But Mulan is a lot bigger than the Trolls World Tour. Before corona, Disney could reasonably have expected the movie to gross more than $1 billion worldwide. That’s what Aladdin, its last live-action adaptation, took at the global box office.
To make those profits on Mulan, the studio would need around 30 million people — or half of Disney+ subscribers — to rent Mulan at $29.99 a pop. A tall order, especially in a world hit by a once-in-a-lifetime economic recession.
Outside North America, the stream is only a trickle
Disney is also missing out on millions of fans that don’t buy movies online. Compared with the theatrical box office, the PVOD market in much of the world is still tiny. In China, the world’s second-largest movie market, it’s nearly non-existent, according to The Hollywood Reporter. Even in the U.K., PVOD sales last year made up just 5% of the country’s $3.2 billion home entertainment market.
“The digital business has spiked because of the COVID-19 lockdown with everyone at home streaming movies, but that’s not been nearly enough to compensate for losses for films they were, or still are, planning to release theatrically,” says David Garrett, head of Mister Smith Entertainment, an independent film production and sales company based in London.
Digital piracy: an ongoing threat
And digital releases have a dark side: piracy.
A new study by British analysts at Muso suggests that studios releasing films online faster has led to a spike in piracy as better rip-offs are available sooner.
After the coronavirus cut short the theatrical release of Sony’s Bloodshot, a Vin Diesel action movie, it rushed out the film on PVOD — only to see a massive 1,600% increase in piracy streaming in the following seven days. Piracy traffic for Sonic the Hedgehog, a Paramount title, jumped 719%, according to data piracy authority MUSO.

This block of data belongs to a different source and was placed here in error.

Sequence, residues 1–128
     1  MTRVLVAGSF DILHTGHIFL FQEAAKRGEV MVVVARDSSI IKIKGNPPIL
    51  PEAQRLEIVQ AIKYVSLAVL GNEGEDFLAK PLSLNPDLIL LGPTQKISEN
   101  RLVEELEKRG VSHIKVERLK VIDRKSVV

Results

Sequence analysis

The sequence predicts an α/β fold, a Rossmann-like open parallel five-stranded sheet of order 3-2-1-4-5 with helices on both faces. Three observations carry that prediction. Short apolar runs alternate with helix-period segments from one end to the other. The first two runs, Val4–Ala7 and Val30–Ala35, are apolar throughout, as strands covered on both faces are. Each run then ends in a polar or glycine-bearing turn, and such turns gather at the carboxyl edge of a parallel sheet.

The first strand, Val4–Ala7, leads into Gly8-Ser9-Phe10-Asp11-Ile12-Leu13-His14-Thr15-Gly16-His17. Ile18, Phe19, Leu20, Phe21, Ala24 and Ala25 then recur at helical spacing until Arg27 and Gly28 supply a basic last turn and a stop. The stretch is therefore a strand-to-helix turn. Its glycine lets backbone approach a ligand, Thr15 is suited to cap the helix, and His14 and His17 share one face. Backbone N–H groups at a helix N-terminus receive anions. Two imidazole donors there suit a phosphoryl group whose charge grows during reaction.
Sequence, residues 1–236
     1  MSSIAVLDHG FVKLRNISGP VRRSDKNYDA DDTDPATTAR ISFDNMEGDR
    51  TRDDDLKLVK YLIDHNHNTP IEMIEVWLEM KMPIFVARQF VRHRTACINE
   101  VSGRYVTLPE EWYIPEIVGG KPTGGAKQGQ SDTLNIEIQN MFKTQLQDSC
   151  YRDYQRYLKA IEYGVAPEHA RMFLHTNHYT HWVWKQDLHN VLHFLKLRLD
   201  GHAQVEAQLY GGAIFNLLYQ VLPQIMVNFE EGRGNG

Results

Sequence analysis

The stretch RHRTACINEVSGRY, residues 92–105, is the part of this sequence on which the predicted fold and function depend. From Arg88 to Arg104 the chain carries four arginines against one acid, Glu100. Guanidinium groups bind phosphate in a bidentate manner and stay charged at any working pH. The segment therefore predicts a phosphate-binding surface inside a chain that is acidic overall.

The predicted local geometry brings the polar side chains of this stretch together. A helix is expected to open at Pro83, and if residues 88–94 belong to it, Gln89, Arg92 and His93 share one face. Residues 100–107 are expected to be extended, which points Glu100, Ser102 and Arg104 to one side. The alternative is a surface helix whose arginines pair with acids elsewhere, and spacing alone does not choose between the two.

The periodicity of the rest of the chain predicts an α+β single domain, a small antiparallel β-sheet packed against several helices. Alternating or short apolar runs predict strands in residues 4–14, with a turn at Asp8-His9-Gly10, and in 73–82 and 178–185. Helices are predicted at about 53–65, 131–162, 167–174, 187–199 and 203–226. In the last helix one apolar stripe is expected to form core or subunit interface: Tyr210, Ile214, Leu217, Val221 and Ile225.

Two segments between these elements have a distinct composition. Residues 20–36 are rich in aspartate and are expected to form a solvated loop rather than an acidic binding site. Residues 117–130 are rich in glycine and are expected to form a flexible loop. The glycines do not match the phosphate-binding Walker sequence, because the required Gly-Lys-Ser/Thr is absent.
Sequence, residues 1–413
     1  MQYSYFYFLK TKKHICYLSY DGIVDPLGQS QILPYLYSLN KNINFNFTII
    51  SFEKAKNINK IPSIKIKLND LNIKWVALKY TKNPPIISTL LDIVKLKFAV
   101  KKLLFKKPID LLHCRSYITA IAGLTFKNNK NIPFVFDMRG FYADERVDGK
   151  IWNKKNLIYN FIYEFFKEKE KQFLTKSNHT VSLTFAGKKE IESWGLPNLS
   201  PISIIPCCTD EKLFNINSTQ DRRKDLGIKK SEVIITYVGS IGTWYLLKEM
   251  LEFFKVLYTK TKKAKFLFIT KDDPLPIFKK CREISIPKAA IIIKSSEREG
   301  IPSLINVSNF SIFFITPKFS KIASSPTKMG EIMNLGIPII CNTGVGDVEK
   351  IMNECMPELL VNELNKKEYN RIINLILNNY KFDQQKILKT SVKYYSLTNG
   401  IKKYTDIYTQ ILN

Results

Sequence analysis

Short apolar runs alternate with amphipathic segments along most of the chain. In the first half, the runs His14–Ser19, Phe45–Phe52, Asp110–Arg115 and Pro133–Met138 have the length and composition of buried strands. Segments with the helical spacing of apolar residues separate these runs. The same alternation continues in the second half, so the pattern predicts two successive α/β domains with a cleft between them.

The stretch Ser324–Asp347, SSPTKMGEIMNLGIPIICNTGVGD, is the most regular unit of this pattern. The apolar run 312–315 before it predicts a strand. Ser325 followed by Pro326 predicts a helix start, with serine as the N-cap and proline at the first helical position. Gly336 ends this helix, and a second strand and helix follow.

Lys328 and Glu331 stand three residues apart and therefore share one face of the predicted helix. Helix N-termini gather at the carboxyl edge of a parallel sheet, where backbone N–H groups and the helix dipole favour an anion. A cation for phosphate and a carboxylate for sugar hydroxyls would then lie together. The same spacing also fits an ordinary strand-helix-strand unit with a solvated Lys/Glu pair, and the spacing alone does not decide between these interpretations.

To compare, Warner Bros.’ Joker, which started in US cinemas on October 4 last year and had a full theatrical release window, saw only a 29% increase in pirate site visits after a high-quality copy of the film leaked on November 10.
That explains why even Disney is hedging its bets with Mulan’s digital premiere. In China and many other places, Disney+ is not available, meaning that in most of the world Mulan will get a regular theatrical release.
Warner Bros. is taking a similar approach with Christopher Nolan’s sci-fi epic Tenet, which will open in theaters outside the US in late August with a limited US release on September 4.
“We’re looking at Mulan as a one-off, as opposed to saying there’s some new [business] model that we’re looking at,” Disney’s CEO Bob Chapek told investors this week.
For its next big movie, the Marvel film Black Widow, Disney is sticking to the plan of a regular theatrical roll out on November 6. By then, Hollywood hopes the tired cinema business will be up and running again and it won’t have to exchange cinema dollars for digital dimes.